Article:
Hence, a host of newly formed ‘Malay action fronts’, sore and vengeful losers, will waste little time organising demonstrations, orchestrating media disinforma-tion and fomenting ‘Malay anxieties’. This manner of interpreting policies and practices in chauvinistic terms can only be defeated by a united opposition that can come to the rescue of all five opposition state governments.
The worst scenario, if the alliance fails, is for Pas to join Umno in condemning the DAP-led government in Penang, and for DAP to join MCA, Gerakan and MIC in criticising the PAS-led governments of Kedah and Kelantan. In Perak and Selangor, the coalition governments can only escape such externally created problems by commitment to cooperation and collective responsibility.
Parliament and responsibility
Some encouragement may be derived from the sentiments of the opposition’s supporters. It’s one thing to vote ethnic in an ethnicised political system. It’s another thing altogether to regard all things in the stark light of inter-ethnic competition.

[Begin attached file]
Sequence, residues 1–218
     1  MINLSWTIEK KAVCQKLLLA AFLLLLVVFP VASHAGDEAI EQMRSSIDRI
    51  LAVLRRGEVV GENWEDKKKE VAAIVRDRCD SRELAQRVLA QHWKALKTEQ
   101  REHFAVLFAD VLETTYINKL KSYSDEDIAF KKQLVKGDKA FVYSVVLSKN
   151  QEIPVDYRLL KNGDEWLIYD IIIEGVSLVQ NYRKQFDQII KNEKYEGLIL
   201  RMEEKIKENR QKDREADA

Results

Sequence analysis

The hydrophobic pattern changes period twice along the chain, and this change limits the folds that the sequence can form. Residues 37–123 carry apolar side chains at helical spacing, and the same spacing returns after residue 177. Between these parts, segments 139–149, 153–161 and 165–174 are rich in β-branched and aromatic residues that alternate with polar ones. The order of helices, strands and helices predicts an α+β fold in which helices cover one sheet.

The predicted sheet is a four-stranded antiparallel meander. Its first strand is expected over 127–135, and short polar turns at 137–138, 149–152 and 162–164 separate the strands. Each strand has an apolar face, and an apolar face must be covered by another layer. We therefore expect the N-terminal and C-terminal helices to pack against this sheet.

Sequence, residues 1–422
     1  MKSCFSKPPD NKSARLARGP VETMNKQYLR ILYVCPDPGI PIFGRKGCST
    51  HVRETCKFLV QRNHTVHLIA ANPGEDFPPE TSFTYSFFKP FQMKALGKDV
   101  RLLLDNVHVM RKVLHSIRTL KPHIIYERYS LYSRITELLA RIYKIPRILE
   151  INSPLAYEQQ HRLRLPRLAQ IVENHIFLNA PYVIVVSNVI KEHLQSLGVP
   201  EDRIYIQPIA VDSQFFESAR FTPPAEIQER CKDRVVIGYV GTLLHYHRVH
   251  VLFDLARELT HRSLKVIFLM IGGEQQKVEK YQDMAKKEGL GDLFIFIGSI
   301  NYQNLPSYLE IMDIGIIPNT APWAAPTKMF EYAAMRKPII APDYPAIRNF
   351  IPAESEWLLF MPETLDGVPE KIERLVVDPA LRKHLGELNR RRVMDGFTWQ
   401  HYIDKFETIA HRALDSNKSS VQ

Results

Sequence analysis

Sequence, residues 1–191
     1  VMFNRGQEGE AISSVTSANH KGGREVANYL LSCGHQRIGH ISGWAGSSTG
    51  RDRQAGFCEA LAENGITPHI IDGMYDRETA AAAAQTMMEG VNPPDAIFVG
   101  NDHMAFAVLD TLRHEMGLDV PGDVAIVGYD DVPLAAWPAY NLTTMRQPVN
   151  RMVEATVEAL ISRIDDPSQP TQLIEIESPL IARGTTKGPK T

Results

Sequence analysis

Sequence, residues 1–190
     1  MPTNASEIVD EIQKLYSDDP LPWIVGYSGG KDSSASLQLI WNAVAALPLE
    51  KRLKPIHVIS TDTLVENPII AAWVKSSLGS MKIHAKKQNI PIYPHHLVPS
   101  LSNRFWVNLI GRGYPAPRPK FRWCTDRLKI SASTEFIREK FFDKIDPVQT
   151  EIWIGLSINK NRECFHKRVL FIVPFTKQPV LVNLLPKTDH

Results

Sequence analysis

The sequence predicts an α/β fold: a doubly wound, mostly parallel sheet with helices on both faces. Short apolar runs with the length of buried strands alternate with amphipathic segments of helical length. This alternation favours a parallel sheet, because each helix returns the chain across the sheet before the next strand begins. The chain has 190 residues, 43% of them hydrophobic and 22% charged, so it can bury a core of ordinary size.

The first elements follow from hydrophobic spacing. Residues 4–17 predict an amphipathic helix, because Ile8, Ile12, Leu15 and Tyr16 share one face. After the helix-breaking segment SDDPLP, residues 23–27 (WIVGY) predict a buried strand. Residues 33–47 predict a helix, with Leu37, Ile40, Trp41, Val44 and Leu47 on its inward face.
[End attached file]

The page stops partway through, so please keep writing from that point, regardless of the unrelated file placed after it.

At least in the alternative cyberspace, voters, bloggers and commentators have admirably urged PKR, DAP and Pas to keep their differences to themselves, but, above all, to keep their alliance intact. Not to do so, the voters know, just as the leaders of these parties must know, would hand back to BN what was painfully gained at the election.
The presence of the largest ever opposition in Parliament has amplified popular hopes of reforming the political system. To this end, the opposition representatives must set out to raise the quality of law-making, monitor the Executive and discipline state institutions. To do so, they must themselves be competent in diverse areas, capable of informed debate and committed to representing their constituents’ (and not merely their parties’) interests.